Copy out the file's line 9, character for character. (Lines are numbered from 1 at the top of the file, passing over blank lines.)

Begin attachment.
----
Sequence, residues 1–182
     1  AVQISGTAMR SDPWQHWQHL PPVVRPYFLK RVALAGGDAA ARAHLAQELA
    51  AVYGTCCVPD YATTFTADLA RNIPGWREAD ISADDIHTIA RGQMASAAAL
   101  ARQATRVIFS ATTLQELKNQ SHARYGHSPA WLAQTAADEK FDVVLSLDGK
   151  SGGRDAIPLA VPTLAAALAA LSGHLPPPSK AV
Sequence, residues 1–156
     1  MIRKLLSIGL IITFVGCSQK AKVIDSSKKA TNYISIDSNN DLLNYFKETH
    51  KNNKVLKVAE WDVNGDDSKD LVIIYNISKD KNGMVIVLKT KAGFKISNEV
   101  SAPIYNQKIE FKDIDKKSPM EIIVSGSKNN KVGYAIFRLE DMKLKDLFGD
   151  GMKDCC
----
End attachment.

   101  SAPIYNQKIE FKDIDKKSPM EIIVSGSKNN KVGYAIFRLE DMKLKDLFGD